Having a car sit in the driveway costs you money. By the time you factor in an annual service, registration, insurance and depreciation, you can easily find thousands of dollars leaving your coffers before you've driven a single kilometre. This is where services like CarBar+ come to the fore. Rather than you owning the car, you pay a regular fee, that starts at $169 per week and have full-time access to vehicle for as long as you need it. All you need to pay for, after the fee, is fuel. All the maintenance, registration and insurance is covered in the fee. I tested the service for a month, trying three different vehicles. Here's what I learned.
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Accidentally leaving a child in a hot car is a tragic mistake that anyone could make. Blame our faulty brains, among other things. (And if you haven't read Gene Weingarten's 2009 Washington Post story on hot car deaths, make a point to do so - it's masterful.) As parents, the sooner we realise we're not insusceptible, the sooner we can all look for ways to end the devastating statistic that an average of 37 children die in hot cars each year, without judgement.
Whether you're an A to B driver or an enthusiast, every car owner and driver should familiarise themselves with the most important car maintenance tips. A few simple upkeep tricks can help you save money, prolong the life of your vehicle and increase your safety on the road and the safety of your passengers. Here are six maintenance jobs that literally any driver can do.
On a recent trip home to see my parents, we got off the highway, where the kids were pretty much OK. But then, they started to turn green and my husband turned around in his seat to hold a bag in front of the kid behind the passenger seat. A few minutes later, both kids began an extravagant dueling barf session that covered them, their car seats, and a good portion of the car.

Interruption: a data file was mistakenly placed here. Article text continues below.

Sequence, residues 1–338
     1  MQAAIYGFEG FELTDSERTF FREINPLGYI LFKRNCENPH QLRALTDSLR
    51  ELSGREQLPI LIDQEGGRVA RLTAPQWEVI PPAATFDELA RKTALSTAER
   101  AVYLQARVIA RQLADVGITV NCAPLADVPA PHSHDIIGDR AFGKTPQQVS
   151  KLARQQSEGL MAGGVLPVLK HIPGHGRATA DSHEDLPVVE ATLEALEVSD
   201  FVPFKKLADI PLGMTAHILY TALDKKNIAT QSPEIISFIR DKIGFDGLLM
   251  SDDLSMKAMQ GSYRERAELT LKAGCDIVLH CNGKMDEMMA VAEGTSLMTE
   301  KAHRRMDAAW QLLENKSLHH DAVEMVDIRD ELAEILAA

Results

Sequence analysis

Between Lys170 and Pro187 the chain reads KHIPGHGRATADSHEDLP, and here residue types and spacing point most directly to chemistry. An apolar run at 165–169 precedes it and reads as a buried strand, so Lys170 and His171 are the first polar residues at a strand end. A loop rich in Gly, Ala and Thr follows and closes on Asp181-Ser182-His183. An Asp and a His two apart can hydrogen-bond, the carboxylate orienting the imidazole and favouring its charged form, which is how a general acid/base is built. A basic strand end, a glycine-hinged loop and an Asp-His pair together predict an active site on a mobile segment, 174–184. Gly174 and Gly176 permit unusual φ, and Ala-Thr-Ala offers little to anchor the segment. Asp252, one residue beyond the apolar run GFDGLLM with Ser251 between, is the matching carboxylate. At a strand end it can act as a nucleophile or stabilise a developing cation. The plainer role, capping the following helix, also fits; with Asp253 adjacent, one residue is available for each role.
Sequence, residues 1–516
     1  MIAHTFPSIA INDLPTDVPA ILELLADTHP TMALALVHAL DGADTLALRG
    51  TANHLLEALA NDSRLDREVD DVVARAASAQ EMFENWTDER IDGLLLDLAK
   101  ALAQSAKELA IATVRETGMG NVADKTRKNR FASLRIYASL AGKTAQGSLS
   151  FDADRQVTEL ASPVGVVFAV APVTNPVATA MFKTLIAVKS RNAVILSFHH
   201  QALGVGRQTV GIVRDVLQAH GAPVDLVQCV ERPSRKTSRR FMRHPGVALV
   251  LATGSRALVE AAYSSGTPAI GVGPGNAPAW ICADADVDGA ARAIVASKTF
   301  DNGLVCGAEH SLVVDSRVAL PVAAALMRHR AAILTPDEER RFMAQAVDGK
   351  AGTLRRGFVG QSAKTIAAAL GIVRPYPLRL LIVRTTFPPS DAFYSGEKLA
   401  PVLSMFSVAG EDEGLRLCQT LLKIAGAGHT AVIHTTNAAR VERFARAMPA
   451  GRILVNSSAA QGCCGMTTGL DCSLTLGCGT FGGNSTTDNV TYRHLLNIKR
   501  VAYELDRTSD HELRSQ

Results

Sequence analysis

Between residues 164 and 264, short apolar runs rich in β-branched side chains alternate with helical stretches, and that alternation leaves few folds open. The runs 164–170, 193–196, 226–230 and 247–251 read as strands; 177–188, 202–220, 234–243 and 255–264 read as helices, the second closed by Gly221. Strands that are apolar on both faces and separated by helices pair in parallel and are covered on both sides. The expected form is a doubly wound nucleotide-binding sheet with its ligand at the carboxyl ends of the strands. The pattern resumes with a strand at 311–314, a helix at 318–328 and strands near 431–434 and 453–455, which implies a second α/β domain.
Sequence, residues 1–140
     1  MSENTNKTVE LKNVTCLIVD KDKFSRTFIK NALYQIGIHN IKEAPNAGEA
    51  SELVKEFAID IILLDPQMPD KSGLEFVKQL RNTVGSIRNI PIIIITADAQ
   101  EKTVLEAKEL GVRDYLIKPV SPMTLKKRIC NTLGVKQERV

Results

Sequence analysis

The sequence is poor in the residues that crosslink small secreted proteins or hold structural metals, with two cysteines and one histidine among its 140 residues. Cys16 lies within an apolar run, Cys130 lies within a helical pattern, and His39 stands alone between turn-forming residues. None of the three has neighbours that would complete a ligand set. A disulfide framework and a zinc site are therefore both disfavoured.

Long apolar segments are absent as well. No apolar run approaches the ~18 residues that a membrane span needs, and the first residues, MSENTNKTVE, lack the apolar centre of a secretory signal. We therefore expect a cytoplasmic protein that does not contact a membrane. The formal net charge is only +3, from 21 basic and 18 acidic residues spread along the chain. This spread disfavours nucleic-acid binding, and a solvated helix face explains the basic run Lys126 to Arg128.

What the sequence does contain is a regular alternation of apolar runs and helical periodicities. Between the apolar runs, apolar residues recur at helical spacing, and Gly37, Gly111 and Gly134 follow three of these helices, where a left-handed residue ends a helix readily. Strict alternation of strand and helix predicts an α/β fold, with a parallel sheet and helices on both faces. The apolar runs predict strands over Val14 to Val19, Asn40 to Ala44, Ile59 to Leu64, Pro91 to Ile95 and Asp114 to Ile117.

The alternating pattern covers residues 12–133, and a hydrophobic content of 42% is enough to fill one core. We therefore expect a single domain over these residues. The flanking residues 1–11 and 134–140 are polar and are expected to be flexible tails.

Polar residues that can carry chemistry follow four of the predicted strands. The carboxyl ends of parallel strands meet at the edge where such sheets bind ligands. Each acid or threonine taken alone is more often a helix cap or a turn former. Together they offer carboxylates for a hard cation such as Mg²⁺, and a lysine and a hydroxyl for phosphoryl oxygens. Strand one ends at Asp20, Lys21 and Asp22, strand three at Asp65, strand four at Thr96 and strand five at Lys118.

Earlier this week a Tesla owner in Essex, Great Britain, posted security camera footage of his Model S being stolen by a pair of thieves who were able to unlock and start the car with a smartphone and a tablet.
By hijacking the owner’s key fob, they were able to get in, turn on the car, disable remote tracking and make off with his fancy ride!
Pouring sugar into a car's gas tank is thought to be a petty yet effective means of sabotage. As parodied on The Simpsons, it's the preferred revenge method of estranged (and deranged) spouses and partners.
The idea is that the sugar causes the car's engine to permanently seize up, resulting in a costly trip to the mechanic. The guys at Project Farm recently put this mischievous theory to the test. Here is the video.
There are very few people in this world who would wonder, “what would happen if I made a jeep that could fly?” It seems more like the kind of thing you’d make a rough crayon sketch of in kindergarten than it does something someone would actually sit down and seriously draft up. But someone out there, well—they really did try it out.
Petrol is getting too expensive - and according to the experts, prices are only going to get worse. Instead of reverting to the horse-and-cart, here are a handful of simple bowser strategies that will help to keep petrol prices more manageable.